Father Staley’s demise occurred on the Wednesday of Holy Week. His body remained in the rectory until after the Easter masses then transferred to the church, lying in state until a funeral Easter Monday. 

Under Monsignor Clancy’s stewardship, the parish thrived. An influx of immigrants bolstered the parish membership to such an extent that an auxiliary parish was established in Thorold South with financial assistance from Holy Rosary. It was dedicated to St. Aloysius in honour of the monsignor. 

The parish hall in the basement of the church became a chapel and when a rectory was annexed to the church, the priests’ residence across the street was demolished and replaced by Holy Rosary Hall.

An intriguing facet of Monsignor Clancy’s pastoral duties was the Monday morning trip to the Royal Bank toting the previous day’s offerings in a workman’s lunch style bucket.

The refurbishing of the church brought about changes in long standing traditions.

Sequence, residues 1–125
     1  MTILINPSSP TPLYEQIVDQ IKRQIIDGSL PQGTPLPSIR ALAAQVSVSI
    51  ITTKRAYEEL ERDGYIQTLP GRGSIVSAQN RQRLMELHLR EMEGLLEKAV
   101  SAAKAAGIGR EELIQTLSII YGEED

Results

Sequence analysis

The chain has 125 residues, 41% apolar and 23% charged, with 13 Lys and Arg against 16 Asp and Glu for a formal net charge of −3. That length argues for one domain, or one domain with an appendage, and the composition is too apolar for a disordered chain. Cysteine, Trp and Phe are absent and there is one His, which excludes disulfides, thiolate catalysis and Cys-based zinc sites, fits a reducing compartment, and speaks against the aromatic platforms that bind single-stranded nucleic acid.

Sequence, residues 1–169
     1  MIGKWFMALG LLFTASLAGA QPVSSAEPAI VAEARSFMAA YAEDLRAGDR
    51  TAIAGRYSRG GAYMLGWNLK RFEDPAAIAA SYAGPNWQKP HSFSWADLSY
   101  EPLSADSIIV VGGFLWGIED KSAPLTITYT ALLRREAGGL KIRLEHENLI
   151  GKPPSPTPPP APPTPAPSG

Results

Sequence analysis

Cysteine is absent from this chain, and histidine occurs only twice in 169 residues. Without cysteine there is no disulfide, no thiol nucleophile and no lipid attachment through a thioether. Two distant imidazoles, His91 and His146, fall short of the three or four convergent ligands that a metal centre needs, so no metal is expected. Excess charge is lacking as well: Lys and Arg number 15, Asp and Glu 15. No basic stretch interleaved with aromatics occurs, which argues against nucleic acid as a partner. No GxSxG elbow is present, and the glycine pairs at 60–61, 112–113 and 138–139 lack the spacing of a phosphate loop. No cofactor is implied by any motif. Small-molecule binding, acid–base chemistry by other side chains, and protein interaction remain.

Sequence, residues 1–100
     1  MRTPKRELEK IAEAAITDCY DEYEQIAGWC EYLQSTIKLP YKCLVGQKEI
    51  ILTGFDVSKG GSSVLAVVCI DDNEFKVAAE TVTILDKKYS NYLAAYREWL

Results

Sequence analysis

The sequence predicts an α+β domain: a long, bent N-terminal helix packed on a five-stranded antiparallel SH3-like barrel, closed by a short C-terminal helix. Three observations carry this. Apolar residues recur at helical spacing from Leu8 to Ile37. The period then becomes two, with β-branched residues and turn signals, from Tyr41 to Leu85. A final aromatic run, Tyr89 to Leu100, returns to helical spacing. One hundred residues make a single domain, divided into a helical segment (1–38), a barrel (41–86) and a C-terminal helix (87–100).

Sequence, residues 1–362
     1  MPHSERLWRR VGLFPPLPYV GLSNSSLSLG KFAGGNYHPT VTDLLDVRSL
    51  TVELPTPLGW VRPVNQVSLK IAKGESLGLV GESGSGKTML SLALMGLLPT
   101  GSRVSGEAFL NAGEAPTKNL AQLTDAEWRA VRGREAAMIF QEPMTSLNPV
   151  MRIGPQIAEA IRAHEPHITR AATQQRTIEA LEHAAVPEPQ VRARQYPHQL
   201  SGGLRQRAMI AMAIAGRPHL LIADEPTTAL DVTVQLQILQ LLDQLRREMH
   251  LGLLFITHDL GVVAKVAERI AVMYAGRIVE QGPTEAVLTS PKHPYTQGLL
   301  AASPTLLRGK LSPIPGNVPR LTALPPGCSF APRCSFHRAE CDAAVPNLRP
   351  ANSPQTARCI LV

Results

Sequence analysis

For instance, name plates had been attached to pews which would have been occupied by the designated parishioners, and yet, when that obligation ended, there was a tendency among the faithful to continue occupying those spaces supported for so long.

The end of name paying pews may have precipitated the introduction of a voluntary seating offering at the entrance of the church. Baskets would be located there for that purpose.   

Parish personnel included Patrick McGuinness, who served as custodian of the church, Holy Rosary School and the rectory. 

The ropes for ringing the bells were located inside the main vestibule. He would invite children to grasp the largest bell’s rope so they could be raised several feet above the floor. 

Residing near the church, he was easily available to toll the bells at 7 a.m., noon and 6 p.m.